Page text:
This subtext of restoration is most evident in the personalities who have gravitated to Kerry. In economic policy, among the anchors of his brain trust are three pillars of the Clinton team: former Treasury secretary Robert E. Rubin, former deputy Treasury secretary Roger Altman and former White House economic adviser Gene Sperling. Clinton's top domestic policy aide, Bruce Reed, has been an important collaborator on Kerry's agenda.
On foreign policy, former Clinton official Richard C. Holbrooke is an important adviser, as was former national security adviser Samuel R. "Sandy" Berger, until he ran afoul of controversy last week. Army Gen. John M. Shalikashvili, former chairman of the Joint Chiefs of Staff, joined 11 retired generals and admirals in endorsing Kerry at the convention Wednesday night.
Invariably, these people describe Bush and Vice President Cheney as in the grip of exotic ideas -- such as a preemptive war against terrorism and tax cuts even amid large deficits -- and say Kerry would return to more familiar assumptions.
Rubin, at a luncheon with reporters Tuesday, asserted that Bush's tax cuts, without corresponding cuts in spending, have left the country facing its most worrisome fiscal circumstances in decades. Rubin, who was a favorite of many Republicans during the 1990s boom, said that the decision to permanently reduce top rates has threatened chronic deficits, which have alarmed even his conservative business colleagues. If Kerry is elected president, Rubin said, his first task would be "to try to restore the type of [business] confidence we had in the 1990s."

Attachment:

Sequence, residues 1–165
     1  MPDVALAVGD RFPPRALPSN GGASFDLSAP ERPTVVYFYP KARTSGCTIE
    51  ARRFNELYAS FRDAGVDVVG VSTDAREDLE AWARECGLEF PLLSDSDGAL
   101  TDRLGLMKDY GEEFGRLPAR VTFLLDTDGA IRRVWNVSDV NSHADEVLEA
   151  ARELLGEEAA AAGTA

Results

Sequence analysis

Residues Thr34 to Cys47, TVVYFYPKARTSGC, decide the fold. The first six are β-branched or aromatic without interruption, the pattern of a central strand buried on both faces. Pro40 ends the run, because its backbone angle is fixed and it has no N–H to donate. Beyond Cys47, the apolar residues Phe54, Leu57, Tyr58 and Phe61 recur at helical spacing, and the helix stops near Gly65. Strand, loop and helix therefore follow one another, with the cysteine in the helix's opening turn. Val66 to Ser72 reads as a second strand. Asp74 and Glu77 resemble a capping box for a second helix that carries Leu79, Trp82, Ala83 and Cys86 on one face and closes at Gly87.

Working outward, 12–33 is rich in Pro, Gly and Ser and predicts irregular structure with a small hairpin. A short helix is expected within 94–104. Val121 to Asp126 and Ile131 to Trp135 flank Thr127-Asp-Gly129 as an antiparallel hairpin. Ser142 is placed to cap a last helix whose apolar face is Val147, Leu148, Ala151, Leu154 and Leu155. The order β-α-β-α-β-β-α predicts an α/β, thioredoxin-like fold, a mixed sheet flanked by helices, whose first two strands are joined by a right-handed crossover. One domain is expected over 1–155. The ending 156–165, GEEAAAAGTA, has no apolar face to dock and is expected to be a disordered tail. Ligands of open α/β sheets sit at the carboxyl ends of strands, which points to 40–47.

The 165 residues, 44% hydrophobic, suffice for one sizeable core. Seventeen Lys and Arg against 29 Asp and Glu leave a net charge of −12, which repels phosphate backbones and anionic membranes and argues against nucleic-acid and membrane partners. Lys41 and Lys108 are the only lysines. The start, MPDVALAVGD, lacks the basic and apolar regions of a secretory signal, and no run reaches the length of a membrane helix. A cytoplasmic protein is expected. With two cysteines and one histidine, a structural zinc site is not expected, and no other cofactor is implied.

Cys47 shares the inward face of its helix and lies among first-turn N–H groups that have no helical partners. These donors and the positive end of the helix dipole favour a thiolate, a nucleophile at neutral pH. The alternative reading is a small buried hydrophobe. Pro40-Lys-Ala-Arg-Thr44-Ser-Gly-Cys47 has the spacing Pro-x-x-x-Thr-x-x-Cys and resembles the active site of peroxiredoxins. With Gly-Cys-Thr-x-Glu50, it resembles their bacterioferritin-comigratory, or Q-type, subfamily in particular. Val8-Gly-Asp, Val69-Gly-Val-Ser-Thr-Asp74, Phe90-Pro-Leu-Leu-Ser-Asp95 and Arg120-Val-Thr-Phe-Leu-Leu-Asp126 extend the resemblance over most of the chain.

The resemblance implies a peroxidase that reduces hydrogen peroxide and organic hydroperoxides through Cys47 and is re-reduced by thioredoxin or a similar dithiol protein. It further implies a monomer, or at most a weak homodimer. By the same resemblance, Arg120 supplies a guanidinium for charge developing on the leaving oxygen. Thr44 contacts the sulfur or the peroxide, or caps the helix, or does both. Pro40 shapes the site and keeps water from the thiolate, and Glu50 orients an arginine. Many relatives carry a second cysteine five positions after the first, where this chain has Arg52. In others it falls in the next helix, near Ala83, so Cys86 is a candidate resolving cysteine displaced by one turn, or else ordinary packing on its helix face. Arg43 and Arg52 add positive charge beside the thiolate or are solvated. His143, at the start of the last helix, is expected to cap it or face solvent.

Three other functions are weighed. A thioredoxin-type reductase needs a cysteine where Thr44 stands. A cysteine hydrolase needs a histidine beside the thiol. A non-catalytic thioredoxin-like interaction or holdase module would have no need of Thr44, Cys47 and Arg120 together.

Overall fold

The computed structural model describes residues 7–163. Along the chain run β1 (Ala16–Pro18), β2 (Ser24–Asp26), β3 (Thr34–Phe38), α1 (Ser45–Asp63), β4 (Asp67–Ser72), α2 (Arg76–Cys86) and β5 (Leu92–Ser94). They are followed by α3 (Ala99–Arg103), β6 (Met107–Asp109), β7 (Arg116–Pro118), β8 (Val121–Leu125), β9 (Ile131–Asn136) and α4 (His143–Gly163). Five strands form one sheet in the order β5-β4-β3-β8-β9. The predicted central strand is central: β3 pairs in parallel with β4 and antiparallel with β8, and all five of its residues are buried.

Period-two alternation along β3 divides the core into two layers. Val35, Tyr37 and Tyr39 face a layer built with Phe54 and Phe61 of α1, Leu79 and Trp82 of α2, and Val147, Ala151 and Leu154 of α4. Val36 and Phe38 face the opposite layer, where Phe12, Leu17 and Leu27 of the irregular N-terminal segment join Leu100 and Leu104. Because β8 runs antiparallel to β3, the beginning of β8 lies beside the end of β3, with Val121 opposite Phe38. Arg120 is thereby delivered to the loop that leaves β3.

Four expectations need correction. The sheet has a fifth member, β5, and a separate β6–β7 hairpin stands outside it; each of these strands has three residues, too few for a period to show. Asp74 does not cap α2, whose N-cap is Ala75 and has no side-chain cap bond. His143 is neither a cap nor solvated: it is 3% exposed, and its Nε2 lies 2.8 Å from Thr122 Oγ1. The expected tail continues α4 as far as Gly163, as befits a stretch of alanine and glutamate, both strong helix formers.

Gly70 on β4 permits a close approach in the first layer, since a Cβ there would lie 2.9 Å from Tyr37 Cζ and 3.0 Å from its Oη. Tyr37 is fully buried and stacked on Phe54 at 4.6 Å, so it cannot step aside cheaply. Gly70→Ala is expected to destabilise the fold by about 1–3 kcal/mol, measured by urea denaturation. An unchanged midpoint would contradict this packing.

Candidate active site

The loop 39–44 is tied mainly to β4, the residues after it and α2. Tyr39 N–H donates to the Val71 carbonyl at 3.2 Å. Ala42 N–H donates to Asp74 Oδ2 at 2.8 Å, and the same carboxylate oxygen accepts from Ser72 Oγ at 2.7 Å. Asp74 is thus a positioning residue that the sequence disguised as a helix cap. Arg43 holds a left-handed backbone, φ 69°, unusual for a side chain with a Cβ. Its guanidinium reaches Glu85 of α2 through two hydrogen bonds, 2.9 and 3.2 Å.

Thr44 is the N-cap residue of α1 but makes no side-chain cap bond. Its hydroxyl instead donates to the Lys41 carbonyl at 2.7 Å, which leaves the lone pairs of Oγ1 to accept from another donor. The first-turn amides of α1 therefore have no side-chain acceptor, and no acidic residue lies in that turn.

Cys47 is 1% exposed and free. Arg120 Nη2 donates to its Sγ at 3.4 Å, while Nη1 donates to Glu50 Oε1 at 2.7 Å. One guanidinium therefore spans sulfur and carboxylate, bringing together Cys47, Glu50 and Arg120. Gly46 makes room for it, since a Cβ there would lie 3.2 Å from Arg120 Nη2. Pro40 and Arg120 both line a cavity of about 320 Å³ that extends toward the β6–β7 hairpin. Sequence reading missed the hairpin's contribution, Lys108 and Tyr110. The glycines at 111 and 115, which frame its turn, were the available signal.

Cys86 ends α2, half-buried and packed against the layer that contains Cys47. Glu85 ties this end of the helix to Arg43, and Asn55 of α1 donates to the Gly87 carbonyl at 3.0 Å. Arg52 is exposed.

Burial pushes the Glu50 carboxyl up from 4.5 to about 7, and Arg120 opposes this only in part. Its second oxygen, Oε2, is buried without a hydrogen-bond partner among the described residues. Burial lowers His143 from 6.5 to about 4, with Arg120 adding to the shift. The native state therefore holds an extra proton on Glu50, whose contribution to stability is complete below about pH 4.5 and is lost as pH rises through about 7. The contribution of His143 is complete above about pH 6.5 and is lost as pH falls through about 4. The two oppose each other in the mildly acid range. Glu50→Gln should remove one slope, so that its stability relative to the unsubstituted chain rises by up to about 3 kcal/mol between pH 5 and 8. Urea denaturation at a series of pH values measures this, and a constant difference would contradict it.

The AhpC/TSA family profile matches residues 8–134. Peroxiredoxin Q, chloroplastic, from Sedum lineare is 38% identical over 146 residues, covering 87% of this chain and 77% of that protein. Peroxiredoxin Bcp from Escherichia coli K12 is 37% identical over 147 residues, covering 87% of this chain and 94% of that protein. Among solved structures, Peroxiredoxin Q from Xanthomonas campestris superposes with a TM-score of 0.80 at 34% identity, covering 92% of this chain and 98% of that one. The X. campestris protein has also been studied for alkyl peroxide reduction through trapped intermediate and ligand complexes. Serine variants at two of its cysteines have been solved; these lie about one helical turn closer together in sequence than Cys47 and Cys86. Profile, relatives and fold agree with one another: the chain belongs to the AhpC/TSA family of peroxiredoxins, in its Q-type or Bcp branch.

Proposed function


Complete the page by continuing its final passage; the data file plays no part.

Former defense secretary William J. Perry was a notably apolitical Pentagon chief during the Clinton presidency, but he has jumped vigorously into the effort for Kerry. Because of Bush's handling of the Iraq war and the resentments he has stoked among allies, Perry told the convention crowd on Monday, "I have never been as worried about the management of our country's security as I am today."
Holbrooke said the Bush administration stands for "extremist ideas," such as acting unilaterally, that have percolated within certain circles for decades but that "never had a voice in the policymaking bodies of the executive branch."
Kerry "would return to a bipartisan consensus that governed American foreign policy from Franklin Roosevelt to Clinton, including [Ronald] Reagan," Holbrooke said.
The question, in the view of Republican thinkers, is whether such cautious centrism is a credible response to a world that changed radically on Sept. 11, 2001.
Another question is how the gulf between Bush and Kerry on principles plays out in practice. Though his supporters believe the Democrat's values and priorities are dramatically different from the president's, his specific issue differences are often narrow and nuanced.